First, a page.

Why you should make your favourite takeaway at home

By
Callum Kenny
Added
10 October, 2016

Cooked writer Callum Kenny, like the rest of us, is partial to a takeaway every once in a while. In celebration of National Curry Week, we challenged him to swap his regular order for a trip to the shops and a couple of hours at the stove.



The challenge

A spontaneous long weekend, I find, always provides great impetus to indulge; make that extra day off a Monday, and you’ve the added bonus of skipping the Sunday Night Fear for a week. My Cooked colleagues pointed out that it’s also a great chance to try out a recipe that you might not otherwise have the time or inclination to attempt.


So when I awoke on Saturday morning and found myself craving a takeaway, I remembered their words, and fought the voice in my head gently suggesting that I’d earned a night away from the stove. Indian food is my standard choice; I have always loved going to the curry house or ordering in on a Saturday night. I decided, while I was still in decadent spirit, to make a curry from scratch and invite some friends over for what I ambitiously called a ‘treat’.



The curry

Browsing the Cooked library for inspiration, I hit upon Anjum Anand’s recipe for a delicious-sounding Chilli Chicken Balti - my standard order. I read the recipe twice for good measure, having seen the consequences of a frivolous speed-read too many times on Bake Off to rush this crucial step. Baltis, as I discovered, are basically tomato and spices mixed together with meat or fish. I was astounded by how easy it was to make the base sauce: just blend quartered tomatoes with spices, garlic, ginger and a small dollop of yoghurt. It took me about a minute to chuck it all together and the result was immediately fragrant and flavoursome. The recipe feeds 4-5 and I was a little worried about the quantity of sauce so I supplemented this with a couple more tomatoes, which didn’t change the taste but alleviated my fears that people would go hungry.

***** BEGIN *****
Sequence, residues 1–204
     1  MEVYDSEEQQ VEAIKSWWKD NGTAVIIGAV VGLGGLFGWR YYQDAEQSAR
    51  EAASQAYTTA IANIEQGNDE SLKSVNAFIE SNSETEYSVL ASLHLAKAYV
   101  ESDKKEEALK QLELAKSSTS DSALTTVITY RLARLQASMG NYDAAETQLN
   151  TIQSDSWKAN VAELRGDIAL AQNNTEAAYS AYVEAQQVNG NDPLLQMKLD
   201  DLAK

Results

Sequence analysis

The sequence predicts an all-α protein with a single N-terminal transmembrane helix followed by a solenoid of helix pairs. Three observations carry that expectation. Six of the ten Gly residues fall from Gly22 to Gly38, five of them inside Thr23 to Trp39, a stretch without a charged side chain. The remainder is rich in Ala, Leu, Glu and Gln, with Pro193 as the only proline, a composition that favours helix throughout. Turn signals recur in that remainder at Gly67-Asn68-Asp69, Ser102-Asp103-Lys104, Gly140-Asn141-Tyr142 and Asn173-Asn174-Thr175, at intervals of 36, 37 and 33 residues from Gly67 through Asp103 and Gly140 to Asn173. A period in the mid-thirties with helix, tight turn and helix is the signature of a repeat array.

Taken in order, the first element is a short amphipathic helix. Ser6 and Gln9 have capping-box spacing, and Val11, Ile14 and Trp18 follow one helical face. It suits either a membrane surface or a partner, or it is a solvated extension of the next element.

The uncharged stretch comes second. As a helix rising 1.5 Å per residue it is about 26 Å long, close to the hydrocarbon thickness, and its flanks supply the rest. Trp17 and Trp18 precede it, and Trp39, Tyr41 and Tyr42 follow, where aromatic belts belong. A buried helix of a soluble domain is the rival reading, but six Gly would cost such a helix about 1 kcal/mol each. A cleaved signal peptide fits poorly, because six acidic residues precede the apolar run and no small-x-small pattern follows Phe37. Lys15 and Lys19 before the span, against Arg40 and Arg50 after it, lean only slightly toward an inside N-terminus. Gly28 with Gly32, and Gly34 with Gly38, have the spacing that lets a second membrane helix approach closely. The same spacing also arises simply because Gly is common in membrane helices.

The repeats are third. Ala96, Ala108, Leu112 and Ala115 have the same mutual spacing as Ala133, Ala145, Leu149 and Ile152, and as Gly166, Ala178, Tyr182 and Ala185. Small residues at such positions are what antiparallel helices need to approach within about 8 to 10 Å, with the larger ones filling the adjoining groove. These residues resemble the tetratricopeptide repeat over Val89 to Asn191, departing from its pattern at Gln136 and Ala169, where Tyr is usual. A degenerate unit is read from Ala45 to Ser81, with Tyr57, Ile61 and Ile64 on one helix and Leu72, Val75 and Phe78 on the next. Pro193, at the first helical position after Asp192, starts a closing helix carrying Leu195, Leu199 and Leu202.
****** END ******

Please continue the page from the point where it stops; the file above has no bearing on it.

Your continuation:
Once the sauce has been heated, diced chicken is added and the mixture it is left to reduce until you have the consistency you want. You can season to taste, but decided to play safe with the salt - after my impulsive tomato-tampering I didn’t want to rock the boat too much. I did, however, take Anjum Anand’s advice to add a generous splash of lemon for a fresh, tart flavour. It all came together pretty without incident and as my guests arrived, they commented on the promising smells emanating from the kitchen, which was cheering, if disingenuous.



The naan



No curry is complete without a naan on the side to sloppily mop up any additional sauce, so it was imperative that I got it right. The basic process is straightforward: I mixed the ingredients together before incorporating the liquid and kneading for around ten minutes. After being left for an hour, the dough should double in size. Unfortunately, after such time had passed, my dough was left resolutely – brazenly – unchanged. I left it in a shaft of sunlight on the balcony, put it in the corridor, by the boiler and even took it into the bathroom while I had a shower, but after another hour, the dough was still measly. I cursed my temperate flat but couldn’t wait any longer, so I knocked it out and formed into six oval shapes, which were pricked with a fork and had sesame and poppy seeds worked into them before grilling on a high heat.


Despite my concerns, the naans came out of the oven looking as they should (I had been worried that they might swell into six enormous oval-shaped loaves), and I garnished with butter and coriander. According to Anjum Anand, naan bread should be soft with a few raised crispy bits. Mine didn’t appear all that crispy, so it was all up to the taste.



The results



I sat everyone down and plated up what looked like, if I do say so myself, an appetising balti. The naans were passed around the table and pleasingly people started to dig in while I was still vainly photographing the meal for Instagram. I was really happy with the outcome. The balti tasted just like one I might order at a curry house and the flavours were really well-balanced. The naans were buttery and, though of a more meagre size than I would expect from a takeaway, not far off in terms of taste. I also had a sense of accomplishment that you certainly don’t get from ordering in. You can’t put a price on that.



The conclusion



I would eschew a takeaway in future to make this meal. The process was quick and I’m glad to add another recipe to my repertoire. I’ll admit that making naan bread was the most time-consuming, worry-ridden part of my otherwise wonderful weekend, but if I were to consider it I’d leave the dough overnight. Crucially, my friends left my flat merry, full and so impressed that they dubbed me ‘the curry king’.*



*Not strictly true, but they did say lots of nice things.


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